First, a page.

The registered manager and staff had established and maintained positive working relationships with people who used the service and their relatives. People were treated as individuals and they and their relatives were involved in making decisions about how they wanted to be supported. This approach ensured people’s privacy and dignity was respected and maintained at all times.

People and their relatives had the opportunity share their views and opinions about the services provided. They and were also involved in planning and reviewing their care.

People and their relatives knew how to raise any concerns they may have and were confident these would be addressed quickly. There were systems in place for handling and resolving more formal complaints.

When people were unable to make some decisions for themselves the registered provider had processes in place which ensured, when needed, they acted in accordance with the Mental Capacity Act 2005 (MCA). CQC is required by law to monitor the operation of the Mental Capacity Act, 2005 Deprivation of Liberty Safeguards (DoLS) and to report on what we find. DoLS are in place to protect people where they do not have capacity to make decisions and where it is considered necessary to restrict their freedom in some way, usually to protect themselves. At the time of our inspection one person who lived at the service had their freedom restricted and the registered provider had acted in accordance with the Mental Capacity Act 2005 (MCA).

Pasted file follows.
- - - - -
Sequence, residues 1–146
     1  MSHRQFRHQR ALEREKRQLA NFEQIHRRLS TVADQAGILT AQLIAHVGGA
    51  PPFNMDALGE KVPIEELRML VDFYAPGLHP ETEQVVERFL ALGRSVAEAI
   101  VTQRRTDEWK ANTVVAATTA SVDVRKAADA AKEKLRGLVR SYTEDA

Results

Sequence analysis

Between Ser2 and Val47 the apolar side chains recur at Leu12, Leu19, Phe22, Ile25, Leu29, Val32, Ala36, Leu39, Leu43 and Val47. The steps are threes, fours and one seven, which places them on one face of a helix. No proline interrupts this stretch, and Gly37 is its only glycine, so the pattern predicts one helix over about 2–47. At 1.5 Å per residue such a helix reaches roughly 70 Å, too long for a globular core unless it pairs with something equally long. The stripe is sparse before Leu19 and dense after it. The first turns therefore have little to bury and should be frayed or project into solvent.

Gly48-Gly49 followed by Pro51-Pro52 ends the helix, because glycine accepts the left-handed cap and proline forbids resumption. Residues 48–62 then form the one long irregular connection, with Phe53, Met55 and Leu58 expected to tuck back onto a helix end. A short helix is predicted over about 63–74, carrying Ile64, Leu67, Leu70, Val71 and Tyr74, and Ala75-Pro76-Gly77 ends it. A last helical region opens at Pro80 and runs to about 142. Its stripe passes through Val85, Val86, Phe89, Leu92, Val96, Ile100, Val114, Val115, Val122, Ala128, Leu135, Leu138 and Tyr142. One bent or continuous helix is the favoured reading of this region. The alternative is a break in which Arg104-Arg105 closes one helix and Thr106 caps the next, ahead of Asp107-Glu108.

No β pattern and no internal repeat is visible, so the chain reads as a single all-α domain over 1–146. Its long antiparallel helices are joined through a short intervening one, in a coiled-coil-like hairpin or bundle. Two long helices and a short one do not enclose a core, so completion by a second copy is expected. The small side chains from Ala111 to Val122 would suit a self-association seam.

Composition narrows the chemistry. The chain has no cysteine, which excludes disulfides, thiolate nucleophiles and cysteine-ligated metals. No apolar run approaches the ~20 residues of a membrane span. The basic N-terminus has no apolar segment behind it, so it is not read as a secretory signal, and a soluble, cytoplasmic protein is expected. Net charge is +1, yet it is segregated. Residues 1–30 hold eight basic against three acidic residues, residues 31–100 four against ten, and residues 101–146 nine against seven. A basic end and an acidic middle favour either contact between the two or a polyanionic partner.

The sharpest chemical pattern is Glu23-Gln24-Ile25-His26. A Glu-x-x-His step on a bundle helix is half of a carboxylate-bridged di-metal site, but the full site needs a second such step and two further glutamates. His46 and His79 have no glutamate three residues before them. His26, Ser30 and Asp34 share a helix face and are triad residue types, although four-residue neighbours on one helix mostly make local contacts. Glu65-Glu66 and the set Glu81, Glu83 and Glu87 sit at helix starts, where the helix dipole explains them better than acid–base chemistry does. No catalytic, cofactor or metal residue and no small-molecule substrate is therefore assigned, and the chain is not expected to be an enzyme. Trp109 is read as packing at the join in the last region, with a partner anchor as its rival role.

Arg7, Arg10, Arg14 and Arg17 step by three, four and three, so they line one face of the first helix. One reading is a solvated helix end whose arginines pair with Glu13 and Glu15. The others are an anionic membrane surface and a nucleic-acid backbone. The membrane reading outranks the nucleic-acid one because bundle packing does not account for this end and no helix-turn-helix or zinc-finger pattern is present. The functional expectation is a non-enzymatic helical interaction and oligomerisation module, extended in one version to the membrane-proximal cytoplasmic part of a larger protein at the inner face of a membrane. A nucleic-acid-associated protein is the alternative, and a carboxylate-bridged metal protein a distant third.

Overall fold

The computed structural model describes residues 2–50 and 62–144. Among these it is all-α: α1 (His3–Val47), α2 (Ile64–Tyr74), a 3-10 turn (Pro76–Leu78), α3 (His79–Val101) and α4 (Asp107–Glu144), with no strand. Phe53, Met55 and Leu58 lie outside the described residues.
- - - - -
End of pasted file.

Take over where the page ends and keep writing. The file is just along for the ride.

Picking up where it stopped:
The provider had systems and checks in place which ensured staff were recruited safely. Staff were supported and received training which enabled them to carry out their roles in the right way. There were sufficient staff available who were deployed in a way which ensured people’s care needs were met consistently.

Staff understood how to manage risks and protect people from avoidable harm. Staff also knew how to report any concerns they identified quickly in order to make sure these could be acted upon so people were safe from any harm.

The provider ensured there were clear arrangements in place, which were regularly reviewed in order to help support people to take their medicines. Staff’s competency to safely administer medications was regularly checked and reviewed.